Based on the site classifications used for the pre-pastoralist Archaic, the Early Agropastoralist sites in the Upper Colca are considered here in terms of (1) residential bases, (2) logistical camps, and (3) isolates. These site groupings have analogs in the settlement pattern of modern pastoralists, where residential bases consist in distributed estanciasof varying sizes with adjacent grazing areas where permanent or seasonal residence is established, and logistical camps or "herding posts" that consist of regular travel stops during travel between estancias and other settlements (Nielsen 2001: 193-196;Tomka 2001). These types correspond with "main residences" and "herding posts" described with archaeological correlates by Nielsen (2000: 478-482).




Residential Base

Long term occupation or regular reoccupation by several adults and sometimes children. Corrals with soil of compacted dung.

Formalized use of space apparent in task areas and artifact distributions.

Regularly distributed across land with available grazing areas and a reliable water source.

Variety early vessel forms, including large cooking vessels. Possible correlation between low diversity in lithic raw material types and long term occupation due to relatively low mobility. Site maintenance activities (cleaning, dumping) and designated activity areas expected.

Logistical Camp

Short term but regular reoccupation by special task groups. Smaller and more uniform site characteristics.

Few large vessels, possible caching of implements for reuse. Relatively high assemblage diversity in both lithic types and ceramic pastes. Less evidence of site maintenance due to multiple short-term occupations.

Herding shelter

Small occupation for night or day use with windbreak and view of grazing areas.

Windbreak with view, possible animal bone and some lithic debris, possible hearth. No corral necessary for short occupations.

Table 6-47. Classifications for Early Agropastoralist components of sites

Criteria used for identifying pastoral camps were available in the course of this study (Figure 6-48). Unlike the Upper Colca area, some of the ethnoarchaeological data used for constructing these categories come from regions, like eastern slopes of the Andes in Bolivia (Nielsen 2000: 480-483), that had low site reoccupation and spatial redundancy due to an abundance of suitable pastoral camp areas. Ethnoarchaeological evidence suggests that short-term herding posts with little site structure but many reoccupation episodes will often contain many hearths with associated overlapping middens that result from groups moving the hearth facilities to avoid debris from earlier occupants (Nielsen 2000: 480-483).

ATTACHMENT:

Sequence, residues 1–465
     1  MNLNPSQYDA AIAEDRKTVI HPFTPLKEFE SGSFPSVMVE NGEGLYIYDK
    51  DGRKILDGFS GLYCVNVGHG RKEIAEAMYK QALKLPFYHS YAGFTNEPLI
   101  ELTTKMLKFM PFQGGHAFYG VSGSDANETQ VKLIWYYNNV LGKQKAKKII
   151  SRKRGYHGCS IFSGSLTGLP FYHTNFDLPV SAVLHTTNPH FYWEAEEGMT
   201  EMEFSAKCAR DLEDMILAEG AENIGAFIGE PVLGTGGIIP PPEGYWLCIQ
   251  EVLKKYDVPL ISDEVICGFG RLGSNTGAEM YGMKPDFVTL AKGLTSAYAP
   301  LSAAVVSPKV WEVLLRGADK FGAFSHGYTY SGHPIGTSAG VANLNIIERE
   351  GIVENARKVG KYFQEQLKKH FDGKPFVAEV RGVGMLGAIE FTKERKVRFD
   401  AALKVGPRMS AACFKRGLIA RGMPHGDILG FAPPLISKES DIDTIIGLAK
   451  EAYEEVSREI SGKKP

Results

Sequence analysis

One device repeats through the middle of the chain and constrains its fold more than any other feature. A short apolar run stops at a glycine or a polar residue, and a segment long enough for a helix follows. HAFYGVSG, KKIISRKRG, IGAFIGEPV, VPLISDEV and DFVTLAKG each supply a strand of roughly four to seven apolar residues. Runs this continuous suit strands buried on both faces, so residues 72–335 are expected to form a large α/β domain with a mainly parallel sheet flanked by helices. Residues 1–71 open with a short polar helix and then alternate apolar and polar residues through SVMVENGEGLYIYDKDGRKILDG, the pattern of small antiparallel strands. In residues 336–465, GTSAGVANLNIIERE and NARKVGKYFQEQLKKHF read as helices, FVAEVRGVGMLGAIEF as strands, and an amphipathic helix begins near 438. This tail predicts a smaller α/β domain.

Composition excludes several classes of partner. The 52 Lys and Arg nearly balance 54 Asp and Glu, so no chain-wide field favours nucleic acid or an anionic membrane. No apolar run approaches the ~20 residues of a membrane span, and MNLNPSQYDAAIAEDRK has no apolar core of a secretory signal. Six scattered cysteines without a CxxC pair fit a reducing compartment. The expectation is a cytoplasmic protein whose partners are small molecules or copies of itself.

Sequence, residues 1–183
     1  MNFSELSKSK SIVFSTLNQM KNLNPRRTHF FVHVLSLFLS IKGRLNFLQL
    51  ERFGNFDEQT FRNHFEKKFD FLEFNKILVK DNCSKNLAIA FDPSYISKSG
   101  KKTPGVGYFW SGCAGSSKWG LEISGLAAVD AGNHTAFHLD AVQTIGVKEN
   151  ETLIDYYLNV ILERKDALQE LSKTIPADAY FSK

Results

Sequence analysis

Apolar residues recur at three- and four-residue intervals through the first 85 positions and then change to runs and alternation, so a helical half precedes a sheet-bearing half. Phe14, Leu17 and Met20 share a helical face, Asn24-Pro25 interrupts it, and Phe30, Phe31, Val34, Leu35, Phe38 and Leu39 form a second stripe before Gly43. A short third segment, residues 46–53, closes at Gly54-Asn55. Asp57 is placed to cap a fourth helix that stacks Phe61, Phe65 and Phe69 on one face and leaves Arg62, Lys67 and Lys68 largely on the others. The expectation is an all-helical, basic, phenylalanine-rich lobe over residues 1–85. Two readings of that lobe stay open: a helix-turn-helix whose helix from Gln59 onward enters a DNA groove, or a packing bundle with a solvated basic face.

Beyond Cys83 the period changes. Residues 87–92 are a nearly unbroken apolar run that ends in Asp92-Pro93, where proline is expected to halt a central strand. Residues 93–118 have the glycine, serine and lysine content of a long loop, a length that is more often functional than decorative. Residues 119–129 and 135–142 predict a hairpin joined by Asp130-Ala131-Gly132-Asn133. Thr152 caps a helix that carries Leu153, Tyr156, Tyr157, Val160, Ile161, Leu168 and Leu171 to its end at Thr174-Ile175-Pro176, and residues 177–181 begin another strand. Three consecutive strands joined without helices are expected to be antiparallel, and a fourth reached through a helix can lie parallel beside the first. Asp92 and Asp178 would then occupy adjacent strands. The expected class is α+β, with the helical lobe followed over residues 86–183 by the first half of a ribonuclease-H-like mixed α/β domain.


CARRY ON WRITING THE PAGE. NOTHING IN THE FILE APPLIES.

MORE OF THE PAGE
Pastoral bases and herding posts are characterized by extensive but shallow refuse discard. Bases may contain greater density contrasts in refuse discard because of longer term occupation and site maintenance activity, and areas around rich resource patches are likely to contain "large and dense archaeological sites resulting from multiple, non-contemporaneous, partially overlapping, and perhaps functionally diverse occupations" (Nielsen 2000: 482-483). Short term caravan stops do not necessarily contain corrals, as camelids do not require corralling every night.

Nielsen (2000) observes that short term herding posts (logistical camps in the typology used here) and shelters appear to prioritize the following features, beginning with the well-being of the caravan animals:

  1. Grazing opportunities.
  2. Water for the herd.
  3. Shelter from the wind.
  4. Other human concerns such as hunting opportunities and proximity to the residences of exchange partners.

Herders will take advantage of existing structures, such as wind breaks and sometimes existing hearths, but they virtually never construct new features in their short term occupation of overnight camps (Nielsen 2000: 452).